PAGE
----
Your browser does not support javascript:   Search for gard hereSearch for news-and-events here.

Diseases

Genetic and Rare Diseases Information Center (GARD)

Print friendly version

Pyruvate dehydrogenase deficiency


Other Names for this Disease
  • PDHC
  • Pyruvate dehydrogenase complex deficiency
See Disclaimer regarding information on this site. Some links on this page may take you to organizations outside of the National Institutes of Health.

Symptoms


Newline Maker

What are the signs and symptoms of pyruvate dehydrogenase deficiency?

Pyruvate dehydrogenase (PDH) deficiency can have a significant effect on fetal development, which may become apparent during late pregnancy with poor fetal weight gain and decreasing levels of estriol in the urine of the mother during pregnancy. Delivery may be complicated, and babies may have low Apgar scores. A low birth weight is common. It has been suggested that there is a characteristic abnormal appearance associated with PDH deficiency, which may include a narrow head, prominent forehead (frontal bossing), wide nasal bridge, long philtrum and flared nostrils; however, these are not seen in all individuals and these features may occur with other disorders as well. Other abnormalities that have been reported include a simian crease, short neck, slight shortening of the limbs, flexion contractures (bent fingers), pes cavus (high arched foot), club foot, ventricular septal defect, and hydronephrosis.[1]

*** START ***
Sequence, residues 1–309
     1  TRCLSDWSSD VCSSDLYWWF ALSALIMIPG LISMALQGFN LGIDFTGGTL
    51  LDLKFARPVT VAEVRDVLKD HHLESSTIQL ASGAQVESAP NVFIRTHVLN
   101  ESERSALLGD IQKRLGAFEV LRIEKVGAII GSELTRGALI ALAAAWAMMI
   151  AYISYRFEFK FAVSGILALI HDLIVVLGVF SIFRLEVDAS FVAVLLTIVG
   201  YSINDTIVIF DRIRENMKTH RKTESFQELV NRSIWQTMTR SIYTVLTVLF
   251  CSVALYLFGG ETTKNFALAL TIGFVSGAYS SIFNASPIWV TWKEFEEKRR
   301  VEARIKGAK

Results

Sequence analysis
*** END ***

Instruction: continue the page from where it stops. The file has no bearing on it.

Individuals with PDH deficiency typically develop symptoms soon after birth. In general, there are two major types of onset: metabolic and neurological. The metabolic type presents as severe lactic acidosis (too much lactate in the bloodstream). This often does not respond to treatment, thus many of the individuals with this type of onset die during the newborn period (in very few cases, the lactic acidosis has been reported to respond to high doses of thiamine). Some individuals with severe lactic acidosis have also had severe hyperammonemia (high levels of ammonia in the blood). Individuals with the neurological type typically have hypotonia (poor muscle tone), poor feeding, and lethargy, and they later develop seizures. This type typically progresses to severe mental retardation, microcephaly (small head), blindness, and spasticity with secondary contractures (damage to muscles and tendons). However, long term survival is possible and several individuals with this type have reportedly reached their teens. Between these two extremes, there is a continuous range of intermediate forms. When the metabolic abnormalities (lactic acidosis and hyperammonemia) are less severe, the onset may be delayed until later in infancy, and these individuals may have intermittent episodes of lactic acidosis, which often is brought on by an illness and is associated with cerebellar ataxia (abnormal muscle movement). Some of the individuals with primarily neurological symptoms are said to have Leigh's disease.[1]

Although PDH deficiency occurs in males and females equally, the presentation of the disease differs between them. The metabolic type, especially the severe neonatal lactic acidosis, is much more common in males; the chronic, neurological form is much more common in females.[1]
Last updated: 1/4/2011

References
  1. G K Brown, L J Otero, M LeGris, R M Brown. Pyruvate dehydrogenase deficiency. Journal of Medical Genetics. 1994; 31:875-879. http://www.ncbi.nlm.nih.gov/pmc/articles/PMC1016663/pdf/jmedgene00001-0059.pdf. Accessed 1/3/2011.